The Grad Post, Spring 2020 Student Spotlight, Addison Mickens, DrPH
Q: What drew you to Georgia Southern for your graduate studies?
A: I searched for schools that had a Doctorate in Public Health Degree in Community Health and Georgia Southern appeared on that list. I specifically wanted a DrPH as opposed to a PhD because my passion is working with communities more so than research. I was in my second year of my master’s in public health program at Morehouse School of Medicine and attended a prospective student day hosted by Jiann Ping-Hsu College of Public Health (JPHCOPH). Arriving in Statesboro was a complete change from living in Atlanta; however, after visiting the campus and meeting faculty, staff and students, I knew that this place should be my next home. It was the small-town nostalgia, the open-door policy of the public health professors, the DrPH versus the PhD program, and close-knit feeling that drew me to Southern to pursue my doctoral studies.
Q: What are your Georgia Southern “points of pride?” What is one thing you are most proud of during your time here at Georgia Southern?
A: Attending Georgia Southern as a graduate student, acclimating to the community and campus, is a little different than I think it would be for an undergraduate student. I started my first semester thinking I would not be as involved on campus or in the community as I have been at my other institutions. That only lasted a semester. The great thing about attending this institution is that there are always opportunities to gain internship experience and apply for jobs specifically for Georgia Southern students offered by alumni working in various sectors. I have been able to serve as the JPHCOPH Chairman of the Dean’s Student Advisory Committee and establish closer relationships with JPHCOPH faculty and staff and serve on several internal faculty and staff search committees as a student representative. I consider this a point of pride because it is important that faculty and staff know you by name and get to know you personally providing you with future recommendations and career advice. I am most proud of serving as the Vice-President for the Georgia Southern Graduate Student Organization (GSO). This group of diverse individuals from different colleges not only provided me with lifelong connections, but a space to talk with other graduate students and learn about their experiences.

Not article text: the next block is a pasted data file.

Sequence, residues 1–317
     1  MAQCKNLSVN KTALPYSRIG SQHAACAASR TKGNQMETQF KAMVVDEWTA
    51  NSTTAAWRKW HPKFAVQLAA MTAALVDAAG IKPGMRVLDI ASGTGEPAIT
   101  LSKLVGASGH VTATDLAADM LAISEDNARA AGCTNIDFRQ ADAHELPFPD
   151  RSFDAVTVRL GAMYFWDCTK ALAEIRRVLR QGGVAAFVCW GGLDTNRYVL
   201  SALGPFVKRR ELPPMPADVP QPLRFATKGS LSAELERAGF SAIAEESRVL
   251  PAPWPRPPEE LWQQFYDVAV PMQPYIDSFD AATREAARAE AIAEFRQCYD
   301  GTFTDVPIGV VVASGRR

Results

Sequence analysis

Additional points of pride I have during my time here at Georgia Southern include learning the Statesboro community through volunteering with local community organizations such as Bulloch County Beloved Community, Safe Haven, and Relay for Life. Being in the community provides me with an additional perspective of how Georgia Southern is a great contributor to the Statesboro community. I think this is very important for academic institutions to not be the community but to share resources that they have and be part of the community.
Q: Are you a part of any research or work projects? If so, what are you doing?
A: I am currently completing my doctoral research for my dissertation. My research focuses on the perceptions of physical activity engagement among African American emerging adults at Georgia Southern on the Statesboro campus. The study utilizes a concurrent mixed-method approach using the International Physical Activity Questionnaire and focus group discussions to determine level of engagement in physical activity and perceptions of barriers and facilitators of engaging in physical activity. The college environment is integral in fostering such a significant health behavior. I am also grateful for the graduate student professional development fund grant opportunity to financially assist with my research.
Q: Are you a part of an internship or co-op experience? What are you doing? What are you learning?
A: I interned with Share Health Southeast Georgia as the project coordinator for the Coalition for a Healthy Appling County (CHAC). As the project coordinator, I worked in the Appling community facilitating monthly coalition meetings and led project activities and implementation. This was my first experience where I was placed in a leadership role and I learned a lot of on-the-job valuable experience. This internship led to my employment with Share Health as the Project Manager working on two grant projects in Appling County and Wayne County.
Q: How is Georgia Southern preparing you for your future career?
A: Georgia Southern offers a lot of resources to their students, especially professional development and employment opportunities available through Career Services. Also, due to the investment of the professors to their students, they ensure that we are ready to enter the workforce. They make us aware of employment opportunities across the nation and in Georgia and leverage their networks to give us pathways to future success.
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